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Red alert. Artist Sue Kreitzman is older and bolder. Photos:

It's a weekday afternoon in London's Spitalfields Market and street style photographer Ari Seth Cohen has just spied his latest model: a dapper 96-year-old gent by the name of Albert Stevenson.

As the creator of Advanced Style -- a sort of Sartorialist for the "silver-haired set" -- Cohen isn't interested in supermodels, he wants senior citizens.

The New York City-based Cohen spends his days pounding the pavement in search of elderly folks with elegant dress sense -- people like Albert Stevenson (below), who despite carrying two walking canes, always takes the time to look sharp.

"I like to get dressed up every day," says the veteran of two wars. "I don't like to let myself go."

In London to promote his exhibit of photos at Selfridges' Forever Shop, the 28-year-old Cohen -- who is looking into doing a book and working with fashion brands -- let StyleList tag along as he snapped some truly inspiring golden oldies, including artist Sue Kreitzman (left) and former Danish model Gitte Lee (below).

StyleList: How is photographing older folks different from the street style snaps we see of young people?
Ari Seth Cohen:
Young people stand outside waiting for people to photograph them, and there are certain places you can go where you know young people will be hanging out ready to be photographed, like a fashion show. I just wander around randomly to different areas and find people I'm drawn to. It makes it a little more difficult.

SL: What inspired the blog?
My grandma was my best friend. I spent more time with her than I spent with anyone in the world, and on the weekends we would watch old movies together. So a lot of what I grew up thinking about beauty and aesthetics was based on looking through her old books and scrapbooks, and antiquing, and old movies. All of that inspired me. It's just what I find beautiful. When I moved to New York two years ago, I wanted to show positive images of older women. [My grandmother] died about five years ago, but I feel like what I'm doing now is in her memory.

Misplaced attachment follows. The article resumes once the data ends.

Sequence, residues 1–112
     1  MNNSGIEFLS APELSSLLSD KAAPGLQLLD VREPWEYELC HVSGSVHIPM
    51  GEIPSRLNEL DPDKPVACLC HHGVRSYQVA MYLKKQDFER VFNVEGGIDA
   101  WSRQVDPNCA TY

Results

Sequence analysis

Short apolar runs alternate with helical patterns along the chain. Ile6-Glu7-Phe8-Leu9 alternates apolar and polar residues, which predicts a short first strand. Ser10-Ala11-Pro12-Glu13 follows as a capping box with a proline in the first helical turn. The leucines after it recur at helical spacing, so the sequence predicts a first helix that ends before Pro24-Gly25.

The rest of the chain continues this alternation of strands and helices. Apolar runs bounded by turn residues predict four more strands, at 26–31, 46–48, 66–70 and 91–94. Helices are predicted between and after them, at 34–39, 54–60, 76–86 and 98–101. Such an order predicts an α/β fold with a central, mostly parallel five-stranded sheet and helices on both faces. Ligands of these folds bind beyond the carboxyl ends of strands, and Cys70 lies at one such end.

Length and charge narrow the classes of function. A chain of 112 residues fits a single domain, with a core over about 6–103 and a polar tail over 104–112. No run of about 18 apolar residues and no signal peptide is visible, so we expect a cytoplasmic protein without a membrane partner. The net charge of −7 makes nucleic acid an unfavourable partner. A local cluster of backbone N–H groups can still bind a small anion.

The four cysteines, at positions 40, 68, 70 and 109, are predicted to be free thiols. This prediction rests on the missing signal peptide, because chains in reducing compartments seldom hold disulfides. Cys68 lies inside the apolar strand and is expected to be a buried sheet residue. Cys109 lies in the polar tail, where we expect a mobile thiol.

SL: What is it about older style that appeals to you?
They just look so elegant -- the hats, the gloves. It's effortless. Older people don't dress to impress others. This is how they've always dressed, how they've dressed for 40 years. And their outfits tell a story. They can say, "I bought this here," or "So-and-so gave this to me years ago." Older women have more to say, and their clothes mean something to them. A lot of younger women are self-conscious about what they're wearing or they're wearing it for other people.

SL: Who are some famous older fashion icons who inspire you?
Iris Apfel, of course. Beatrix Ost, and the late Mimi Weddell, who wound up modeling for Lorick. And that guy [pointing to Stevenson] is a huge icon.

SL: How do you see yourself dressing when you are older?
I love the dapper gentleman look. I kind of dress like an old man already. And I'm into the old Yves St. Laurent look -- men in big drapey pants.

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Street style, senior style. Model Gitte Lee (left), Albert Stevenson (center), and an edgier elder (right). Photos:

SL: What do you think of Betty White and the whole career renaissance she's having?
I just saw a [Snickers] commercial with her... where Betty White eats a candy bar and turns into a big strong guy. But I thought it would be cool for a person to turn into Betty White [as did we] and still have strength as an old person [laughs].

SL: Are there any celebrity senior citizens you'd love to meet?